The unfolding chemical disaster
By Rob Verkerk PhD, ANH founder; Executive & Scientific Director | June 21, 2023
We are being bombarded by human-made chemicals every day. There is increasing evidence that this chemical burden is overwhelming our internal biotransformation and detoxification capacity that has evolved over eons, that until very recently had to deal only with toxins produced by our own metabolism or natural ones primarily consumed in our pre-industrial diets.
This inbuilt detox system wasn’t expecting the industrial chemical revolution that started in earnest in the post-WWII period, one that now must deal with up to 350,000 chemicals and mixtures of chemicals listed in 2020 in the world’s first global inventory of chemicals and mixtures of chemicals registered for commercial production and use.
The scientific community, governments and health authorities are waking up to the fact that that there is one group of chemicals that might pose a particular threat – possibly a bigger human and environmental threat than all other industrial persistent organic pollutants (POPs) combined.
We’re not looking at one or even a small number of related chemicals. We’re looking at a huge group, which it turns out, includes a staggering 12,000 compounds. The group are called poly- and perfluoroalkyl substances, or PFAS (pronounced pee-fass) for short. They have one thing in common: highly stable, intractable, resistant carbon-fluorine bonds, among the strongest known in chemistry. That gives them their colloquial name: ‘forever chemicals’, a term that the mass media have recently started to latch on to.
Unlike older POPs like DDT, chlordane, PCB, mirex, lindane or endosulphan, that have been a central focus of the United Nation’s Stockholm Convention, PFAS have yet to become widely recognised by the public as a major health threat.
These chemicals are of such concern and they are now distributed in almost every one of us, to varying degrees. The latest research shows that almost all Americans have significant levels in their blood – and tissues. Unlike some other POPs, PFAS don’t accumulate just in fats; they bind strongly to proteins – and can be found in almost all tissues and organs in our bodies, with particular PFAS chemicals showing preferences for different tissues. Bottom line: our lungs, livers, brains, bones and muscles act as sinks for these insidious chemicals that are used across almost all industrial sectors.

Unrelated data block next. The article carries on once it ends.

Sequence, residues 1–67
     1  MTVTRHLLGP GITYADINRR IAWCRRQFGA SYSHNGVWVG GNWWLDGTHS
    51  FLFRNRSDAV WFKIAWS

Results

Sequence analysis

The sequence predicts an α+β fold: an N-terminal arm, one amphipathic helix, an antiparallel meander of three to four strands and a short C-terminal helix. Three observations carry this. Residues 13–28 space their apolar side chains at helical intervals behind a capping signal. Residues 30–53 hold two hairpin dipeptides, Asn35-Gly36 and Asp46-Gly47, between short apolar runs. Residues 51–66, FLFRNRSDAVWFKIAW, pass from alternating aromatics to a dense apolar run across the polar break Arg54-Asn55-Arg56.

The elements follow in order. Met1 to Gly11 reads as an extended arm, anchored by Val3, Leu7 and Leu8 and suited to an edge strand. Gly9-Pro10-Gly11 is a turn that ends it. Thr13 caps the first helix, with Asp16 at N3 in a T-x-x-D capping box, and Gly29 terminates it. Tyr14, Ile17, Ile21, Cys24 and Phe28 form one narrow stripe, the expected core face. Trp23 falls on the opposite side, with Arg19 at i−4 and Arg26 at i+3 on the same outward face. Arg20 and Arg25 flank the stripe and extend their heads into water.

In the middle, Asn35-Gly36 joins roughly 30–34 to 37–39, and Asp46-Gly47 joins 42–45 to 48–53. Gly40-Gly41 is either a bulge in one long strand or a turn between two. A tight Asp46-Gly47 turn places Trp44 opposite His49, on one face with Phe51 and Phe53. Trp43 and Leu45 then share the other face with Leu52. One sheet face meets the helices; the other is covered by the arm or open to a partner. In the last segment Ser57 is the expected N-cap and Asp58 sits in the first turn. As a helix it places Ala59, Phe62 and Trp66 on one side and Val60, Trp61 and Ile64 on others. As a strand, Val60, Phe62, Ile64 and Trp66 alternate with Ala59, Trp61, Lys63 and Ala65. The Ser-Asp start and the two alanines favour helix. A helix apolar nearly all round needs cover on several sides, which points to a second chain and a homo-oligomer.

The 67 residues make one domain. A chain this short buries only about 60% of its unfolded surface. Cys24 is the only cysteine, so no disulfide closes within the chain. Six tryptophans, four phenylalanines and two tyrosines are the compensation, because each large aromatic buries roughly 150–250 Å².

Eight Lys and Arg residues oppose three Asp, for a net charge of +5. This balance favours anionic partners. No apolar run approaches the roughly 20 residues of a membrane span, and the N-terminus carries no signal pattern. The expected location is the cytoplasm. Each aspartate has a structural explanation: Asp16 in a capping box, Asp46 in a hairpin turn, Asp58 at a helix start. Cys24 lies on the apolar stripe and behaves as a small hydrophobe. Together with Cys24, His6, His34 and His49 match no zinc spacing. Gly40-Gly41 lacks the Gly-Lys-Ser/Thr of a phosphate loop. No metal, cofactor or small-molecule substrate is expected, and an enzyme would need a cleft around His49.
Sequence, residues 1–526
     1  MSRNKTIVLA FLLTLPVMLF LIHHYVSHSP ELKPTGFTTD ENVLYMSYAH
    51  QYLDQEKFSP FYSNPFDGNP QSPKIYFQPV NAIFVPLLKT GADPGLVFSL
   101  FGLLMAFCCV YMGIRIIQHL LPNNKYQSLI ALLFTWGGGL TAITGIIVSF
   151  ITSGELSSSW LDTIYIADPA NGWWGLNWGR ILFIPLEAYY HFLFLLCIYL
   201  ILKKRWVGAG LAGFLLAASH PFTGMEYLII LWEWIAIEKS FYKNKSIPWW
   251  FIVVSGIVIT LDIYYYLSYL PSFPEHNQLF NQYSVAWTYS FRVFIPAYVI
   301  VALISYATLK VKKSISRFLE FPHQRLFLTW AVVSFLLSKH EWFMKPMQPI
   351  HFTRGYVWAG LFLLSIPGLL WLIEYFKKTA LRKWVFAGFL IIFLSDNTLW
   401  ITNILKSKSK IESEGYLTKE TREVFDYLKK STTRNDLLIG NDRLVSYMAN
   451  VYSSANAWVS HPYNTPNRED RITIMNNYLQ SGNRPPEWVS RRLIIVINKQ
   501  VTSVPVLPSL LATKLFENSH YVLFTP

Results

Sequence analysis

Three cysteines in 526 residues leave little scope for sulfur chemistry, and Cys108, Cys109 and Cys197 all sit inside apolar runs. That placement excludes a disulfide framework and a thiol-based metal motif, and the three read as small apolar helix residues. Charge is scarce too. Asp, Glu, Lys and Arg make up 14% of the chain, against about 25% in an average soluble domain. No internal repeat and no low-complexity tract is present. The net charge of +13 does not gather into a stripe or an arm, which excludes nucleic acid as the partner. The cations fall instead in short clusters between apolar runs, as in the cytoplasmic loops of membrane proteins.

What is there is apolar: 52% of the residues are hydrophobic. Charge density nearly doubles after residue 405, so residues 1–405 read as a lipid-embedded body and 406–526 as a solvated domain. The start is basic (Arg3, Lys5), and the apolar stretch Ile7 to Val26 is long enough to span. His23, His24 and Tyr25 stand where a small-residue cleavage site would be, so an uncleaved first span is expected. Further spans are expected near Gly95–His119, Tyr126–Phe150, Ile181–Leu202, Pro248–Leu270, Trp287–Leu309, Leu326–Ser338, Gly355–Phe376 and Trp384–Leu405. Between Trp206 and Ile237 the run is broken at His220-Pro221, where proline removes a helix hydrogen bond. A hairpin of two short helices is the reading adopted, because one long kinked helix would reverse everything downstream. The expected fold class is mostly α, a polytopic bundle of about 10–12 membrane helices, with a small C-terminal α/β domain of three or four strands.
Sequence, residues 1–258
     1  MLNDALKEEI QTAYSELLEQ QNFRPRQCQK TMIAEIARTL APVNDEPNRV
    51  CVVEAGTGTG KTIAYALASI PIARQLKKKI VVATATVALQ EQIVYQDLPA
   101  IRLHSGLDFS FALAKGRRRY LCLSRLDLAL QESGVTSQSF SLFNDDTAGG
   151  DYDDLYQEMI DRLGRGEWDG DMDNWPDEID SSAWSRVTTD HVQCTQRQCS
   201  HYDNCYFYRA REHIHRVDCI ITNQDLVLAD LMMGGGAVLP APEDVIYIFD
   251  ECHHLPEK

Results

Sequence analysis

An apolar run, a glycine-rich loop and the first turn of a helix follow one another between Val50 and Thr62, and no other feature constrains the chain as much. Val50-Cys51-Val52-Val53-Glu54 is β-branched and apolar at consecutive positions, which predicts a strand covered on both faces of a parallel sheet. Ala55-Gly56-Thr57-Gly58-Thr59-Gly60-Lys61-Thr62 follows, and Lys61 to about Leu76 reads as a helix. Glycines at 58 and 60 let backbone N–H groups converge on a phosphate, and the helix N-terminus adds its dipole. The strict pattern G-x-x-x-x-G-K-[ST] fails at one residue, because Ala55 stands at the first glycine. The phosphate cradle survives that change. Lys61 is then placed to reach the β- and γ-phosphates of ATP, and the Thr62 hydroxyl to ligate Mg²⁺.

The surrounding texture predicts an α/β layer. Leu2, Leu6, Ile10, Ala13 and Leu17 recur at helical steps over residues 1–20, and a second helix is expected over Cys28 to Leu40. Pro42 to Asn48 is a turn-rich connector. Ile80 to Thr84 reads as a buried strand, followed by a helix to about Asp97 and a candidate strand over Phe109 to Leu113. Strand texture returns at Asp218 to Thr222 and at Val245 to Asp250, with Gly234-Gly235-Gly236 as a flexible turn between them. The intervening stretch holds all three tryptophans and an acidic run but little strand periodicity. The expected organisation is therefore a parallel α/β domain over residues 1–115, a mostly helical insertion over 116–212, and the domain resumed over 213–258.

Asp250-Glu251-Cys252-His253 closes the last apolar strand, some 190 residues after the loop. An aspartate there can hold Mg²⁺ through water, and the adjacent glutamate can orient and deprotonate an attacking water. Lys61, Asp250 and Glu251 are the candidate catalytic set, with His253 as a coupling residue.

Just some of the uses, as shown by the US Environmental Protection Agency (EPA), are as follows:
- aqueous film-forming foams (or AFFFs) used to extinguish liquid-based fires
- chrome plating, electronics, and certain textile and paper manufacturers
- stain and water-repellent used on carpets, upholstery, clothing, and other fabrics
- grease-resistant paper, fast food containers/wrappers, microwave popcorn bags, pizza boxes
- certain shampoo, dental floss, and cosmetics
- fertilisers derived from wastewater treatment plants used on agricultural lands
The problem is that PFAS don’t just accumulate in our bodies. They create a myriad of diseases and other negative effects, including causing cancer, thyroid disease, immune system damage and affecting unborn foetuses. The greater the concentration, the greater the risk, but even the EPA says, “…some negative health effects may occur with concentrations of PFOA or PFOS in water that are near zero and below EPA’s ability to detect at this time“.
The following figure (Fig. 1) represents the current mainstream scientific consensus, but given the emerging nature of the science and concerted efforts by vested interests to hide their knowledge of the true health and environmental risks, this is almost certainly a conservative view of the actual effects.
As the science keeps highlighting ever greater concerns over our exposure to these chemicals, there is a corresponding desire to understand just how health authorities and industry let this happen. That desire comes from our survival instinct that asks that we learn from things that might harm or kill us.
The devil they knew